The first time I saw borscht was an Easter Sunday with my father’s family; he and his seven brothers and sisters are first-generation Americans, my paternal grandparents immigrants from Poland. I remember peering in a soup tureen on the counter and thinking, “Whoa, I’ve never seen a pink soup before!” and asking around, “What is that?” My reaction then, finding out it was essentially beet soup, was a resounding, “Yuck!”
Borscht, common throughout Eastern Europe with its origins in Ukraine, is one of Russia’s iconic dishes, commonly served across all classes and economic levels in the country. The name derives from the Slavic borschevik, for the plant hogweed. The Russian word borshch refers to cow parsnip, which was the original base of the soup.
Beetroot replaced cow parsnip as the basis of the dish, imparting to the soup its vibrant reddish color. At its heart, borscht is always beet-based, but many different methods of preparation exist. In Russia, beets, meats, cabbage and potatoes typically comprise the dish. Cookbook author Lynn Visson includes 12 different variations in The Russian Heritage Cookbook. Vinegar, also an essential ingredient, provides a tart flavor which balances the beets, stabilizes the pigment and helps to maintain borscht’s bright hue. An orange borscht is made from tomatoes, and green borscht has a sorrel base.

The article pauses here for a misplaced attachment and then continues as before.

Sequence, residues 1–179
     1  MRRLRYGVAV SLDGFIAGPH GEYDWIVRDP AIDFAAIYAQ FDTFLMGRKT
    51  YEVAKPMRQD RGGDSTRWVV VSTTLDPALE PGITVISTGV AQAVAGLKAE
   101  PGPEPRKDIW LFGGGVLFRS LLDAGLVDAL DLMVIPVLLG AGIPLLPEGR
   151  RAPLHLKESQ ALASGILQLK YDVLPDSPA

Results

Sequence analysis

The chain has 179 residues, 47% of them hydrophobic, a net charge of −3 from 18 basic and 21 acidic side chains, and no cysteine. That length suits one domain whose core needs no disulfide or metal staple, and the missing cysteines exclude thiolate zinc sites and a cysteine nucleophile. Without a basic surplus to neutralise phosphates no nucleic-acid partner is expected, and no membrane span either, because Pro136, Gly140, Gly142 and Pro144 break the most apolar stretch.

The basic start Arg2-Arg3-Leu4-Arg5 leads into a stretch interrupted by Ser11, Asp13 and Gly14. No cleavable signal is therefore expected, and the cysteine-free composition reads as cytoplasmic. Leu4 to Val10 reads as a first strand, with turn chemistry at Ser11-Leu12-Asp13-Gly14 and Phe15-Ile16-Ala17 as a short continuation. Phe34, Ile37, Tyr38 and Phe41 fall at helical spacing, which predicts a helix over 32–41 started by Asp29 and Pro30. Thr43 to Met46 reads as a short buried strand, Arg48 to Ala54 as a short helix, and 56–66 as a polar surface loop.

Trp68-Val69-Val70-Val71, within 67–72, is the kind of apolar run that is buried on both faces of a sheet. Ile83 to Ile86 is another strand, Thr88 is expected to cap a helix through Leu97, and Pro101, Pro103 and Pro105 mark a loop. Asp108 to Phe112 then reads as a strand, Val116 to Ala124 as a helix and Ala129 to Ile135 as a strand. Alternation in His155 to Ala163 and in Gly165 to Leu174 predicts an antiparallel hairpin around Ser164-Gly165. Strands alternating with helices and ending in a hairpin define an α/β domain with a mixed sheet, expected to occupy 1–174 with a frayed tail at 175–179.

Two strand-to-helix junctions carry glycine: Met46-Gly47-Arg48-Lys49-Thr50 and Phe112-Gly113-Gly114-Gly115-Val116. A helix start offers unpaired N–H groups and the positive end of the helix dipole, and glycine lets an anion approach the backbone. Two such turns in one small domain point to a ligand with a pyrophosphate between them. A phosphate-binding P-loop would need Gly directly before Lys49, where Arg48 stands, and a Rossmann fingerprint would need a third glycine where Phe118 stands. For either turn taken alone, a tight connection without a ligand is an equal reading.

Beets are a good source of iron, magnesium, minerals and vitamins. Overall, borscht requires a minimal cook time. If one grates the beets first, the soup can cook in a matter of 20–25 minutes total — a meal or supper accompaniment on the table quickly.
Hot or cold? Hot borscht is the most popular — and more hearty — variety. Simmered in a beef or pork broth, it’s usually full of starchy vegetables, potatoes and chunks of meat and may also incorporate carrots or peppers. This version is usually served as an appetizer with dark rye or pumpernickel bread and sour cream on the side. Both are as essential to borscht as the beets and the vinegar.
The type I found myself in awe of that Easter Sunday morning was cold borscht. To prepare, chop and boil young beets. Once cooled, combine them with sour cream, soured milk, kefir or yogurt. Add chopped, raw vegetables like radishes or cucumbers and serve with sour cream and chopped hard-boiled eggs. Garnish with dill or parsley.
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